Now that we understand the main issues, let’s see how the new SE Sparse Disk format helps to address them.
Addressing Issue #1 – By default the grain size/block allocation unit size for Virtual Machine disks on ESX is 4KB. The vmfsSparse format, used by snapshots and linked cloned have a grain size of 512 bytes or 1 sector. The vmfsSparse format get 16MB chunks at a time from VMFS, but then allocates it at 512 bytes at a time. This is the root cause of many of the performance/alignment complaints that we currently get with linked-clones/snapshots, and what we are addressing with SE Sparse Disks.
With the introduction of SE Sparse disks, the grain size/block allocation unit size is now tuneable and can be set based on the preferences of a particular storage array or application. Note however that this full tuning capability will not be exposed in vSphere 5.1.
Addressing Issue #2 – One of the major features of the new SE Sparse Disk is its ability to reclaim previously used space within the Guest OS. This stale data is data that was previously written to, but is currently in unaddressed blocks in a file system/database. Customers used to have to carry out some very manual processes to reclaim this stranded space in the past, using a combination of Guest OS tools and vSphere technologies (e.g. sdelete followed by Storage vMotion).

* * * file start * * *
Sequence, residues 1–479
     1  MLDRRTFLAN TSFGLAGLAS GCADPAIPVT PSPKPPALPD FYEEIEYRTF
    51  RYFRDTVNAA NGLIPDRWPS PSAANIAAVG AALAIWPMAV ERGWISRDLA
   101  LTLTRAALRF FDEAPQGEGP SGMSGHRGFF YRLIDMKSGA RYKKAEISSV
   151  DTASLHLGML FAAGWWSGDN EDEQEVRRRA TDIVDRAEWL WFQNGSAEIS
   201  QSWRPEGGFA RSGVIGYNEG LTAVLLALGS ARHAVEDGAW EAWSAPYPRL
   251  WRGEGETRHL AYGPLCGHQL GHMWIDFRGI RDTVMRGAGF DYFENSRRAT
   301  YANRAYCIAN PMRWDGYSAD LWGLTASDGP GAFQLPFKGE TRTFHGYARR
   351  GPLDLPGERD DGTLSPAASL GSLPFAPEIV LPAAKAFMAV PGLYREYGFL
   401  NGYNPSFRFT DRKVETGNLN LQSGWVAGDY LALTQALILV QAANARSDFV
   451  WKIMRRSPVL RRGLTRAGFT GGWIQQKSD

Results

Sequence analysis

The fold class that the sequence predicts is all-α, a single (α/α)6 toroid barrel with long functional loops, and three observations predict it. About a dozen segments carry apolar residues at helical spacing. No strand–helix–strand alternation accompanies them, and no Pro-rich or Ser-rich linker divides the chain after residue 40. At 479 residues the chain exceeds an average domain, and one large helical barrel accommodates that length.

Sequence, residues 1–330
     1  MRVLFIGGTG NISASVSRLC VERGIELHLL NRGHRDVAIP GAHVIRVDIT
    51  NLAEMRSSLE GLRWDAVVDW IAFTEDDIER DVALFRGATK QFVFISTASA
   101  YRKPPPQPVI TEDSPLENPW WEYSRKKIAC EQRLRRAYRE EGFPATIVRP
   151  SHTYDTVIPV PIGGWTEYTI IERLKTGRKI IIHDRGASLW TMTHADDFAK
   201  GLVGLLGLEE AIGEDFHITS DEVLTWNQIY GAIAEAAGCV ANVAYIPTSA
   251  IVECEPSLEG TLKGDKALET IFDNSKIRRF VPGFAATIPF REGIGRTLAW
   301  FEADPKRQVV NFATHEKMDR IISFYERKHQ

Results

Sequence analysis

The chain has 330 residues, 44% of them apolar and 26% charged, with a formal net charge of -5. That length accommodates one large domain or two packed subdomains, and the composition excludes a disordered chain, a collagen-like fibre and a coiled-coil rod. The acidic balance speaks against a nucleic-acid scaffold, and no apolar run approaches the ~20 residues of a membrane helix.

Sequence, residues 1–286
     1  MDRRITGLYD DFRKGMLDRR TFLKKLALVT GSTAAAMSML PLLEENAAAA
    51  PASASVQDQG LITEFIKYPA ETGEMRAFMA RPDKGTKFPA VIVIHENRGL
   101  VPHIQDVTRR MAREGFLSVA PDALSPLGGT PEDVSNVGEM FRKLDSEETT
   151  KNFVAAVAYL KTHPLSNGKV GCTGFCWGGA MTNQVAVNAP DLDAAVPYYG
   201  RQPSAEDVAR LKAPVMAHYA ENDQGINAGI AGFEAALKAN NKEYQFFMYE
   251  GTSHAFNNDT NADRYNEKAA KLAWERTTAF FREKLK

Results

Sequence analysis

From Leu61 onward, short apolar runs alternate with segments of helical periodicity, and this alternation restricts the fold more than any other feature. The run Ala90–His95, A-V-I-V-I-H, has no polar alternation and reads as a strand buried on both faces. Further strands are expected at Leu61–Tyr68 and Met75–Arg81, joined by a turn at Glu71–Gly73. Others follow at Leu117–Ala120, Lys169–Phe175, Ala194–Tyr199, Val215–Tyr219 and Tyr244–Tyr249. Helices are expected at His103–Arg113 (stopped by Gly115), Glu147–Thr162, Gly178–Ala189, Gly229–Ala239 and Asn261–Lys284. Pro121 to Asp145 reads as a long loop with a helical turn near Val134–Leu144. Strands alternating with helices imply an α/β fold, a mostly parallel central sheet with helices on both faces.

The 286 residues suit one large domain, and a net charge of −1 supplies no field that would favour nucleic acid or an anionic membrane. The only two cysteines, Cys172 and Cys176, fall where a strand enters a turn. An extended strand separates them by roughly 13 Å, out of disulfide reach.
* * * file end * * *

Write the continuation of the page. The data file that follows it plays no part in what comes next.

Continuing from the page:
There are two steps involved in the space reclamation feature; the first step is the wipe operation which scans the Guest OS looking for stranded space and reorganizes the Virtual Machine Disk to frees up a contiguous area of free space.
The second step is the shrink operation which initiates either a SCSI UNMAP operation (block devices) or a RPC truncate (NFS) to delete the contiguous area of free space at the end of the VMDK, reducing its size, and then telling the storage array that it can now reclaim that area of free space.
The Wipe operation is initiated by an API call to the VMware Tools running in the Guest OS. This will allow the task to be scheduled out of hours so that there is no impact on the desktops. This initiates a scan of the filesystem looking for unused filesystem blocks.